This article belongs to the Tech Area.
Consider any information here as out-of-character. Use with care.

Eufeidolôcio in all its glory.

Offline OriginsEdit

Well... First of all, I've been always fascinated by the idea of imaginary countries. This was certainly inspired by Brazilian writer Ziraldo Alves Pinto and his book O Menino Maluquinho (The Crazy Little Boy), which mom gave to me when I was 6 or 7. The Crazy Boy of the title, on one page, describes his Lost Country of Eufeidolôcio and its capital city of Timólei-Mólei.

So, of course I had to make my own lost countries as well! Rocky islets on the Pacific... A small jungle nation in the Angola-Zaire border area... Or huge islands in the Atlantic Ocean, midway between Brazil and Africa, with a multi-language Slavic and Latin American culture... Sometimes they were simply maps, sometimes they also had details like flags, factbook statistics...

Also, I've always been fascinated by role-playing games - something that, essentially, the Imaginations are. When I was 9, my sister's boyfriend gave me an old box with his Dungeons and Dragons books, guides, charachter sheets... "What, dice with more than six sides? These things exist?". Even though my RPG campaigns never lasted too long - it was really hard to convince the other kids to drop that football and oh, come on, let's fight some evil wizards with our swords and spells! It was fun, anyway...

Also, even as a kid, I was interested in politics. I remember watching the news on TV with my family. I remember the political crisis and scandals in Brazil and abroad. Yeah, it was fun too.

My friend, the ComputerEdit

In 1991, there was the Gulf War. Dad was an officer of the Petrobrás tanker fleet. Brazil was back then importing oil from the Middle East but, due to the war, this was interrupted due to fears of attacks on the ships. Petrobrás openned a volunteering programme, which dad called "the company is paying ten thousand dollars to anyone who's going there, so I'm going there". A number of these volunteer ships went there, did their jobs, returned to Brazil, and dad got then thousand dollars. With some of that money, he bought the finest piece of technology we could find in Brazil at that time: an IBM 386 PC.

The Gulf War is also the responsible for chicken being so cheap in Brazil during the 90s. Iraq was one of the major buyers of Brazilian chicken, but, with the UN embargo, we couldn't sell it anymore. So the farmers just flooded the market with cheap chicken for the masses. This story has nothing to do with Porto Capital, but it is a fun fact anyway. Actually, it is not that fun. But it would make sense if you were Brazilians, believe me.

Anyway, even tought our family have had a computer since 1991, we didn't had Internet access until 1997, as mom didn't want us drilling holes arround the house for the telephone cables... That year, however, she gave up, and we drilled a small hole through a wall, from one bedroom to the computer room, and passed a phone wire through it. So Internet began for us.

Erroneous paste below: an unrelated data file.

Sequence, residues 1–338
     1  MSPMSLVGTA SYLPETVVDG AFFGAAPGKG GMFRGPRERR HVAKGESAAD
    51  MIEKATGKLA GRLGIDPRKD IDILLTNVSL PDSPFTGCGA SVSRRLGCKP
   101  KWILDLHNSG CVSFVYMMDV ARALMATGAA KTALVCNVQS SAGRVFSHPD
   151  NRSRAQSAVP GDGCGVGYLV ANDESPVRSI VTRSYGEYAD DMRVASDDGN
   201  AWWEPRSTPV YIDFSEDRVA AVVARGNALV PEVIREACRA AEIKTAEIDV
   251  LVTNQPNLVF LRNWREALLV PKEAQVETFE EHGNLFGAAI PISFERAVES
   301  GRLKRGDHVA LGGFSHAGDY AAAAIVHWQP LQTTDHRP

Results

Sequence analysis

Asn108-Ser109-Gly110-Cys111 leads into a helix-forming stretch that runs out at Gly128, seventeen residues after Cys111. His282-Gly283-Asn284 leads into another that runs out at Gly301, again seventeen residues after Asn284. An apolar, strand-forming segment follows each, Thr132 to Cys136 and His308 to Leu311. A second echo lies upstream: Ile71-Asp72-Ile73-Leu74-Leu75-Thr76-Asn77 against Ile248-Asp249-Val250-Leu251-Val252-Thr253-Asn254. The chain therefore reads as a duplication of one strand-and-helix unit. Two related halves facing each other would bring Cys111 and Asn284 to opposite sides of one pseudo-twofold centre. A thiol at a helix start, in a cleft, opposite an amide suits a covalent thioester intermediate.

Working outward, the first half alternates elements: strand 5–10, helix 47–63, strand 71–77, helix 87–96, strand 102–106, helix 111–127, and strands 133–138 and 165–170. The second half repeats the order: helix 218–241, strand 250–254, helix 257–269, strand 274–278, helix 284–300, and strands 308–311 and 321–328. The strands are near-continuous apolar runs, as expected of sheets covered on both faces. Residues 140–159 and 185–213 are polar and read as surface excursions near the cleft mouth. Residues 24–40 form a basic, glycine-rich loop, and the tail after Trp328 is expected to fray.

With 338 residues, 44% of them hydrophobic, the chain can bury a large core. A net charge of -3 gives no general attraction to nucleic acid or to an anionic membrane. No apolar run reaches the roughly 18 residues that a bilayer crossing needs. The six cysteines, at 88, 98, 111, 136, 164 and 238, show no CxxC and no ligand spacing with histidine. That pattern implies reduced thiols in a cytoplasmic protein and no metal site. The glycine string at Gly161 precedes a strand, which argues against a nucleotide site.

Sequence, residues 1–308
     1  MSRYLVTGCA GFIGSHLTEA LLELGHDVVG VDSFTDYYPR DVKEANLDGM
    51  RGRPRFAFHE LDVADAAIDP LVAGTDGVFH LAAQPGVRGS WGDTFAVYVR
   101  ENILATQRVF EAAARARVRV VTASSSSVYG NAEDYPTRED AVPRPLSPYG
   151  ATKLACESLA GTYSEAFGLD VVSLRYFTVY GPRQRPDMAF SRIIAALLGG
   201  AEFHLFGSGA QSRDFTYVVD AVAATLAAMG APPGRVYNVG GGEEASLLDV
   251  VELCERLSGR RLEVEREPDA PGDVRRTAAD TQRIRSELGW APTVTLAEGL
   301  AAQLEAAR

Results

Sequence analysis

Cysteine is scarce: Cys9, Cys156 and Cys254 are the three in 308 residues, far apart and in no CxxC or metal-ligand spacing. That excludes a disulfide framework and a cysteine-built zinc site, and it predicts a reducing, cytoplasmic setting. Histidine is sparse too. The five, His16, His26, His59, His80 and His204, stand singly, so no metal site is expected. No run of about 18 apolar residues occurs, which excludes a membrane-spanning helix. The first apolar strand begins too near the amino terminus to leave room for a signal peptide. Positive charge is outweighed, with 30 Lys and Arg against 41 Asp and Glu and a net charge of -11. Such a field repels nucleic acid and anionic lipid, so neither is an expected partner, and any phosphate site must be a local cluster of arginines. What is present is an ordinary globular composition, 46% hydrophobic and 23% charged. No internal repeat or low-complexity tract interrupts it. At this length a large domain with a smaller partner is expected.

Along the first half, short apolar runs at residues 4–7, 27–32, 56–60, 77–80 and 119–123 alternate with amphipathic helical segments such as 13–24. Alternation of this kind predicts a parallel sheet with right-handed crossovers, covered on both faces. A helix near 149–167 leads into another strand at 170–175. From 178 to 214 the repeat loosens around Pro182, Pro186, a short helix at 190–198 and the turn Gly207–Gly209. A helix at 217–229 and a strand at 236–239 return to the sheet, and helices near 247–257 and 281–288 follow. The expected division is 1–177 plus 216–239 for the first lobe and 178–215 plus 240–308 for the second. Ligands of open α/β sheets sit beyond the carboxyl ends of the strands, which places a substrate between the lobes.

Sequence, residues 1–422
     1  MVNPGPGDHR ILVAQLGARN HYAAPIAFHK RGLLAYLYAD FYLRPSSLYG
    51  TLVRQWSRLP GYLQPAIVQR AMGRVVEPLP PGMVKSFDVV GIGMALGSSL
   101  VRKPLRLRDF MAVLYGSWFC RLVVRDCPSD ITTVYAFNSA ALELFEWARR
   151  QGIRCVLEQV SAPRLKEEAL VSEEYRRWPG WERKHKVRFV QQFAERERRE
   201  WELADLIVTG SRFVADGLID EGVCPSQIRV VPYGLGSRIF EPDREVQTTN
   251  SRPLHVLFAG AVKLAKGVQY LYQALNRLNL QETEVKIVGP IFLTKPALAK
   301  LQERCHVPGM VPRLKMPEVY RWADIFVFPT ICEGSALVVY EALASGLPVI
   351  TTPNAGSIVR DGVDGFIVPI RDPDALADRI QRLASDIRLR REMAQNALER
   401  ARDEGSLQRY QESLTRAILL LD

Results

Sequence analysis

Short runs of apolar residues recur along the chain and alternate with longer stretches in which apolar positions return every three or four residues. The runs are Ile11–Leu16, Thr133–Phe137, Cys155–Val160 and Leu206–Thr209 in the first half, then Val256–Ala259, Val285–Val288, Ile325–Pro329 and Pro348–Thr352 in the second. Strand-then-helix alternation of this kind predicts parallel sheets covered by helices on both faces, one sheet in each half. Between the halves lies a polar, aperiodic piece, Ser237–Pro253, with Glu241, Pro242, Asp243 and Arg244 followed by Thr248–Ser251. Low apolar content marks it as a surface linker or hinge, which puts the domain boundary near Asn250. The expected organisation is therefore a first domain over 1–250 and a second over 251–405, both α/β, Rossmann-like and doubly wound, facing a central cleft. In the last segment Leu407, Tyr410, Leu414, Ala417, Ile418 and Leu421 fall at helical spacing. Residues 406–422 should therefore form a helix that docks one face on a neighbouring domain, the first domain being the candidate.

One of the first website I accessed was the search engine Cadê (at that time, it wasn't owned by Yahoo). And, one of my first search inquiries was "online games". One of the first results of that search was Cinet, an web-based RPG simulating the cinema industry. We could write our scripts, manage our studios, hire actors... One of the few movies I launched there was a medieval epic starring Gerárd Depardieu. It was a wonderful community, but the game came to a sudden stop in 2002. Too bad. Anyway, it certainly was an inspiration for my university chouce, and also a training for other online games I would come across...

Discovering VexilliumEdit

In 2000, I discovered the FOTW website. So many days I spent so many hours learning about vexilollogy! Even thought I never participated on the FOTW mailing lists, I sure learned a lot about flags! One day in 2001, I came across the Personal Flags link on the FOTW main page... From there, I visited some personal pages of Imaginations players... Philippe Bondurand, Jorge Candeias, Zeljko Heimer, João Madureira, Ed Mooney... From links on their websites, I came across Vexillium!

So, there I was. It was October 2001. From my past experiences on online gaming, I knew I should study Vexillium a bit before trying to enter it. So I visited the many country pages. Finally, after some heavy tough, I contacted then-APM Max Suchy in early December... We exchanged e-mails for some weeks... From the beggining, I wanted a "Socialist Latin American-like nation", Max suggesting combinning the former People's Republic of Extremo to the Brolecian states of Guetaso and Bajapez. And, in the 28th of December, Porto Capital was born!